Archive for Ann-Margret

Ed Sullivan’s Travels

Posted in Dance, FILM, MUSIC, Theatre with tags , , , , , , , , , , , , , , , on February 20, 2017 by dcairns

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I don’t know if George Sidney needs to be elevated up a few notches among the cognoscenti, but he definitely deserves to be better known in general. his problem may be that his good bits — brazen, stunning musical cinema — are often contained in the same flawed films as his bad bits, but his good bits are transcendent.

Andrew Sarris lobs more backhanded compliments at Sidney in The American Cinema than you can shake Ann-Margret at, from the heading “lightly likable” to the specific putdowns (“has ruined more good musicals with more gusto than any director in history” and “There is a point at which brassiness, vulgarity, and downright badness become virtues”) which are very funny, but don’t do justice to the creativity and dynamism Sidney brings to his work.

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BYE BYE BIRDIE (1963), adapted from a Broadway show and reaching the screen rather too late to be topical about Elvis entering the army (five years previously), isn’t particularly clued up about the rock ‘n’ roll it attempts to satirize, but its gigantic parodies of pop culture still left us gaping at the screen like the first night audience of Springtime for Hitler.

The film stars Dick Van Dyke (his first movie), Janet Leigh and Ann-Margret, with Paul Lynde as secret weapon. Jesse Pearson plays Conrad Birdie, the Elvisalike, with roughly the same appeal Alberto Sordi brought to THE WHITE SHEIK — hard to spoof sex appeal when you’re mainly repulsive, but credit is deserved for courage and shamelessness.

First jaw-dropper: Pearson causes all the girls in a small Ohio town to faint, and Sidney cranes up a mile high, blasphemously parodying the giant pull-back of Confederate wounded in GONE WITH THE WIND.

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Second jaw-dropper: Lynde, who overplays like a starving actor seeing scenery for the first time in a year, is transfixed by the thought of appearing on television with Ed Sullivan (“My favourite human!”) and has a Grouchoesque Strange Interlude, wandering into the foreground and provoking a ripple-dissolve by sheer overintensity, leading to a musical dream sequence in which he and his family, attired as a heavenly choir, sing “Ed Sullivan” ad nauseam and Lynde’s face becomes progressively more purple, like Luca Brasi getting strangled in THE GODFATHER.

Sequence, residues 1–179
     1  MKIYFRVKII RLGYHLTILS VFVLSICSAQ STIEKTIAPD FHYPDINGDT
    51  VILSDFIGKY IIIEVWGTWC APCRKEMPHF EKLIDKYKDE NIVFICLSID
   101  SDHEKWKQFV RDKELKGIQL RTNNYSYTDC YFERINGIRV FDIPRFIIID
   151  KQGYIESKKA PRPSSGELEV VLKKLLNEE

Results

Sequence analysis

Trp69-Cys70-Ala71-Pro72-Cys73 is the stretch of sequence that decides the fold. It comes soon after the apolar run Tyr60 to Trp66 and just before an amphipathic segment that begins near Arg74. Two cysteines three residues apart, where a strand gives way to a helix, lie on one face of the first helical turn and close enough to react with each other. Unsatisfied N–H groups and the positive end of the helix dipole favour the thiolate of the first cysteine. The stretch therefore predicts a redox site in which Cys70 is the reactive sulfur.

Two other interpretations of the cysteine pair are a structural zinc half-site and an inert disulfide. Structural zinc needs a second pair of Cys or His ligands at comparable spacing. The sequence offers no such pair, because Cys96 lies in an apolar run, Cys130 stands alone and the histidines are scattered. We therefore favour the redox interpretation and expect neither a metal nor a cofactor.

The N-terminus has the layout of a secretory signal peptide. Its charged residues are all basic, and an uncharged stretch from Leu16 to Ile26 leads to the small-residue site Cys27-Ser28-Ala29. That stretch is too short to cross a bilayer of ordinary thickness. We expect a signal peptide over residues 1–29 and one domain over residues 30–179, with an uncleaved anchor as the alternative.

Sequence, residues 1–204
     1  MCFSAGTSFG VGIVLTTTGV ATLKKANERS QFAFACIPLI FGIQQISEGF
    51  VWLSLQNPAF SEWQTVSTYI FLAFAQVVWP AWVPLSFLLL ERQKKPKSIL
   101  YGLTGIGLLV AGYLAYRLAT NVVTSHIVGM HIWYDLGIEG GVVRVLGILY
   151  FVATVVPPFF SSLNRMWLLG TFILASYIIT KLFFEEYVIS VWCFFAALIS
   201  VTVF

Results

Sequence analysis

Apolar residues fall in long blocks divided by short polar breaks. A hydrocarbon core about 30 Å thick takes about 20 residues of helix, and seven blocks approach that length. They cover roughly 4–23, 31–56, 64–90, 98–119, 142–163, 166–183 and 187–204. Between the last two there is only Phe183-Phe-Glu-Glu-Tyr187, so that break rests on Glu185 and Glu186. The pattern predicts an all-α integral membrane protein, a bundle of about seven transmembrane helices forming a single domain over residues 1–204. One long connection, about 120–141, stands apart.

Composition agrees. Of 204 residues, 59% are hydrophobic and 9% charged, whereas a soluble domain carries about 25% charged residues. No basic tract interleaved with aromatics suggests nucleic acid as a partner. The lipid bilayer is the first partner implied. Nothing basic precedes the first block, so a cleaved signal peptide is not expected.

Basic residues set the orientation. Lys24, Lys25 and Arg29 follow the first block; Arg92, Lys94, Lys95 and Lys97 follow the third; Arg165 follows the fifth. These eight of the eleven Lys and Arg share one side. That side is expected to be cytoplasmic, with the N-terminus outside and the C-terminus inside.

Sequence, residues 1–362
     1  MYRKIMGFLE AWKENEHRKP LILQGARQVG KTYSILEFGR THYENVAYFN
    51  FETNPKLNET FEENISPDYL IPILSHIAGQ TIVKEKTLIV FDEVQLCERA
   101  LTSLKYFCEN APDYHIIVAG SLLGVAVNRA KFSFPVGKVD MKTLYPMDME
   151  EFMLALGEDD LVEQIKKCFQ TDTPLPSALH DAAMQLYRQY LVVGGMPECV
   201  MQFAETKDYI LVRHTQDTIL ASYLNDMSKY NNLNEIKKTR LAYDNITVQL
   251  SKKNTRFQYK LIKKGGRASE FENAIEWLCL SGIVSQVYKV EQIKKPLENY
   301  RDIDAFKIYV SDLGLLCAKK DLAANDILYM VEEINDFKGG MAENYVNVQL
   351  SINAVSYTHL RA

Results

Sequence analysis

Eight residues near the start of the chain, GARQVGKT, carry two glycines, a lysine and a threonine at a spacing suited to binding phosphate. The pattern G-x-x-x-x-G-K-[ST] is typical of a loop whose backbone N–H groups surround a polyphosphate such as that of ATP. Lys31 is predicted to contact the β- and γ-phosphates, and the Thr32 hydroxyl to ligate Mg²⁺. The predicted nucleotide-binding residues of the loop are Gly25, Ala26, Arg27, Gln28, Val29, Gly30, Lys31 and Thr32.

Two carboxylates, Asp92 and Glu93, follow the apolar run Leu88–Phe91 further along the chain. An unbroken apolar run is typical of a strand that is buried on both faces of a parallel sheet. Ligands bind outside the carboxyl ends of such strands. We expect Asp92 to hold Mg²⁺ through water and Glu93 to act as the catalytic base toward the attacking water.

Third jaw-dropper: when Lynde refuses to let his daughter kiss the rock star, Mrs. Lynde worries about the kid losing face. “If he stays here, that won’t be all she -” begins Lynde, before choking off in an excess of emotion. The censorship of the word “loses” actually makes this mildly smutty joke seem about six times more obscene.

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Fourth jaw-dropper: Janet Leigh, frustrated by her mother-obsessed fiancé’s failure to propose, crashes a meeting of some random fraternal society (dressed like The Sons of the Desert) and basically rapes most of them under a table. Or so it would seem: hard to know how else we’re meant to interpret it, as one shriner after another is yanked out of frame below the furniture as if beset by Bruce the Shark.

I think Van Dyke basically inventing super-powered Benzedrine and giving it to a tortoise who then jet-propels from the room probably counts too.

Elsewhere, there are less startling pleasures: “Put on a Happy Face” and “I’ve Got a Lot of Livin’ To Do” are the most recognizable numbers. Maureen Stapleton plays Dick’s domineering mom, improbably enough — she was exactly his age, joining a select club with Jesse Royce Landis, whose character in NORTH BY NORTHWEST must have given birth to Cary Grant just as she was leaving the womb herself, like a kind of Russian doll, or a variant on that cartoon of three fish swallowing one another.